A recent report has shone a light on the serious nature of overindulgence in Aussie drinking culture by revealing that just 5% of Australians drink just over a third of all alcohol sold.
The research, published today by Latrobe University’s Centre for Alcohol Policy Research, also found that Australia’s heaviest category of drinkers, the top 5%, consume almost eight drinks a day each.
It’s troubling news that Luke Hutchins, of the Foundation for Alcohol Research & Education, who commissioned the study, said should prompt controls on alcohol consumption and advertising for at-risk drinkers.
“Alcohol has devastating impacts on families and communities across the country, contributing to a range of short-term and long-term harms including increased anxiety, injury, chronic diseases such as cancer, and family violence,” Hutchins said.
He also argues that alcohol companies are aware of this issue and are exploiting people by profiting off of those who drink at unsafe levels.
“These profits come at the expense of the health and wellbeing of families and communities across Australia,” he said.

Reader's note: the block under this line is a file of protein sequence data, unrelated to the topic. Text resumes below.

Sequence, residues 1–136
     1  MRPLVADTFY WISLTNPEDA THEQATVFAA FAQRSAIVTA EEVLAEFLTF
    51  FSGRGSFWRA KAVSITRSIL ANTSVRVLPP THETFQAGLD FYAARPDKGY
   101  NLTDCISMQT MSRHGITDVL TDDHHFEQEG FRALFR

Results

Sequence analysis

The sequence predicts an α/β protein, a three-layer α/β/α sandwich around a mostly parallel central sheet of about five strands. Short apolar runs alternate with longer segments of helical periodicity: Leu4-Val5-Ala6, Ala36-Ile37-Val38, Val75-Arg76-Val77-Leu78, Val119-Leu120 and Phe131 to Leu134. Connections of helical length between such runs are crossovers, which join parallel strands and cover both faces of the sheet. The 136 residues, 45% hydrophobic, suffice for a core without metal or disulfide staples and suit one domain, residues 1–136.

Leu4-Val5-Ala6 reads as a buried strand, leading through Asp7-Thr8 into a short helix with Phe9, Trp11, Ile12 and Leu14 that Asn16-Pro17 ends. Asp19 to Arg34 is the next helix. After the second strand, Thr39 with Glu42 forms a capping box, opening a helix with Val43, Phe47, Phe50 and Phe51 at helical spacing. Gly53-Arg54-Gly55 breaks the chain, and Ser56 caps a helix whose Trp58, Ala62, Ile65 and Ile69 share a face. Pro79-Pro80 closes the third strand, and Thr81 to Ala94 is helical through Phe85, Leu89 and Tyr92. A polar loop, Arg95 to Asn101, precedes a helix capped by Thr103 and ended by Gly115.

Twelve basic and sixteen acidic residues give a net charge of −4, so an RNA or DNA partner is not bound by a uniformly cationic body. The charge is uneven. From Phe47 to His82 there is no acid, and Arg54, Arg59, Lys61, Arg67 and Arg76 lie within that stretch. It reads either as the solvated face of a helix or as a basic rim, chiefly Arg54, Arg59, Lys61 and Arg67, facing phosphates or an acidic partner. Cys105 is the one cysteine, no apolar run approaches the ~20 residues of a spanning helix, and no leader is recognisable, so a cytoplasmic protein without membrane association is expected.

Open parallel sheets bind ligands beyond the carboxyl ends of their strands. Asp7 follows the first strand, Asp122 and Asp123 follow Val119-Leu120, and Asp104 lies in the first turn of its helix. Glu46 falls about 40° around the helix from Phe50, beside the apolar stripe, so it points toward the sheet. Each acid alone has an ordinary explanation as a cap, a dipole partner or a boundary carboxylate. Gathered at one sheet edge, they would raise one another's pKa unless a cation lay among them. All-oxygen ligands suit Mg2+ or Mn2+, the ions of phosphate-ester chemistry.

“It has never been easier for alcohol companies to target people who drink heavily and who might be experiencing alcohol dependence. By design, alcohol companies are using digital marketing to easily identify, and target people based on purchasing history to push their products around the clock.
Using data from the latest National Drug Strategy Household Survey, the team found that the heaviest drinking 10% of the population account for over half (54.1%) of all alcohol sold in Australia. The top 20% account for three-quarters of all alcohol consumed.
People most likely to drink heavily are those between the ages of 40 and 59 and are more likely to be men living in rural locations.
Cask wine and regular strength beer are the most popular choices while these people are often drinking in several locations throughout the day, not just at home.
Lead author of the study Megan Cook said that their analysis aligns with international research that a small proportion of people typically account for a large amount of total alcohol sold – making alcohol companies dependent on them for profit.
“This level of drinking is nearly double the national guideline of drinking no more than four drinks per day to reduce risk of injury and disease,” she said.
It’s hardly surprising that Australia has a problem with alcohol, as, last year, international data found that we were the drunkest nation on the planet during the pandemic.
If you’re concerned about your own drinking or someone close to you, you can find information on getting help at the Turning Point website or call the National Alcohol and Other Drugs Hotline for free, 24/7 on 1800 250 015.